You feel like your parents never listen to you. You are sure that if they would listen to your side of the story that they would understand. So you talk louder to be heard, but you are “yelling”; you try to make them see your point, but you are “talking back”.
It’s like you can’t win. But maybe you can. Maybe there is a way that you can fight for yourself.
The key is posture.
When you feel like a consequence is unfair or unjust, you switch to a defensive posture. You cross your arms, you sigh loudly, you roll your eyes and maybe even pop your hip out to communicate “this is ridiculous”. But your parents don’t see this as a protest against injustice, they see “ATTITUDE”. You have already lost.
First, change your posture so they don’t shut you down: try to keep your arms relaxed at your sides, make eye contact that shows you are listening, wait for them to finish their sentence (even if its a full lecture).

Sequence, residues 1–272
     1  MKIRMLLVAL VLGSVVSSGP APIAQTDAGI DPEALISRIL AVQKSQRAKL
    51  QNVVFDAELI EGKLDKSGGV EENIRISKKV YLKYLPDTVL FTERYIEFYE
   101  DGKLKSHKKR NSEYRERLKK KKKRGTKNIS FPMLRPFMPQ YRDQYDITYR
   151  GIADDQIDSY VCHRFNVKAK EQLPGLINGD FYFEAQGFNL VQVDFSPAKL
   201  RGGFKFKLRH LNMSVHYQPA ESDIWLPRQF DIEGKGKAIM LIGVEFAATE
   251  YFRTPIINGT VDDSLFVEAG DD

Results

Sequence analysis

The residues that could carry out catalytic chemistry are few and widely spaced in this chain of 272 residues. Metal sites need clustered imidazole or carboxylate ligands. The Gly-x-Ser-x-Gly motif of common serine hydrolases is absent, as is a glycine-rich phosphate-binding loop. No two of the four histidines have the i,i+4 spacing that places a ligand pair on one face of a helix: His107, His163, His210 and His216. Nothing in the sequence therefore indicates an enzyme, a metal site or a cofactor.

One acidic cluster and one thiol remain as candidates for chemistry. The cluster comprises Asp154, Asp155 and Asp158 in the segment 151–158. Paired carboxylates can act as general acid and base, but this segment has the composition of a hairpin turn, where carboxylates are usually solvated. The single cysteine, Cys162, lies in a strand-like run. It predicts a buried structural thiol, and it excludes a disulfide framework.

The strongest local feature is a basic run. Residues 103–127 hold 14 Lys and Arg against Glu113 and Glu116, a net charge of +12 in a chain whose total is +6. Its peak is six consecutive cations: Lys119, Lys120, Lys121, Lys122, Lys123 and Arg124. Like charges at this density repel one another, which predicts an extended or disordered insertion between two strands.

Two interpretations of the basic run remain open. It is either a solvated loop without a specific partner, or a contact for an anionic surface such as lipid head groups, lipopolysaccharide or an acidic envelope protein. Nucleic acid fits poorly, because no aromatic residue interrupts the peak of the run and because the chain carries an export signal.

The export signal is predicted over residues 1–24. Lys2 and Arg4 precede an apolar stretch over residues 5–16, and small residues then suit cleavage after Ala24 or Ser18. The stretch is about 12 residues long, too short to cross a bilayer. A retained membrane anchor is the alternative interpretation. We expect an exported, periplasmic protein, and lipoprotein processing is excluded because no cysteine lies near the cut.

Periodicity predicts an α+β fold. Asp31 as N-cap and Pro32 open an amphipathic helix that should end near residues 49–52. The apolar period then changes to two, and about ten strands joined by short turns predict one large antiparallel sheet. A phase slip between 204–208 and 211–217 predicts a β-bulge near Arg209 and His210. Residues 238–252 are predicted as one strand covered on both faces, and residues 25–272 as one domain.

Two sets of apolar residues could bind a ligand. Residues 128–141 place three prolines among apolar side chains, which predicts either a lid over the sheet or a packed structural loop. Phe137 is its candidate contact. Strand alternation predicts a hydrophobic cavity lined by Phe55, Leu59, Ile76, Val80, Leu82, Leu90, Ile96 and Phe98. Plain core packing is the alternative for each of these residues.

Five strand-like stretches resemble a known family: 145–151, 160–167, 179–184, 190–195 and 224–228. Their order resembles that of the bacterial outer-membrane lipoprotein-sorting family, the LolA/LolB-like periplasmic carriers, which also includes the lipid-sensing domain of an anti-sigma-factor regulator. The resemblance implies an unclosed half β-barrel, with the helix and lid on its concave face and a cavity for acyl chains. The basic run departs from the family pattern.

The key is approach.
Now it is your turn, but if you start by snapping back “you don’t know what you are talking about” then you will be grounded and you will lose your chance. As hard as this is, ask for a chance to speak to share your perspective: “Can I tell you what really happened?”, “I think there is something else you should know”, “before you decide my punishment, can I tell you something?”, etc.
The key is how you say it.
Watch your tone of voice and your volume! Avoid words and phrases that you know will push their buttons: “you always assume the worst of me”, “you never…”, “you are so unfair”. Instead, try explaining your side of thing like you would explain it to a friend: stay calm, speak slowly, and use respectful language.
Talk to your parents about how you are trying to change.
You can even try telling your parents ahead of time that you know you have to do a better job of responding when you are in trouble. Tell them that you are working on not giving attitude and being more respectful. They just might be more willing to listen when they know you are trying.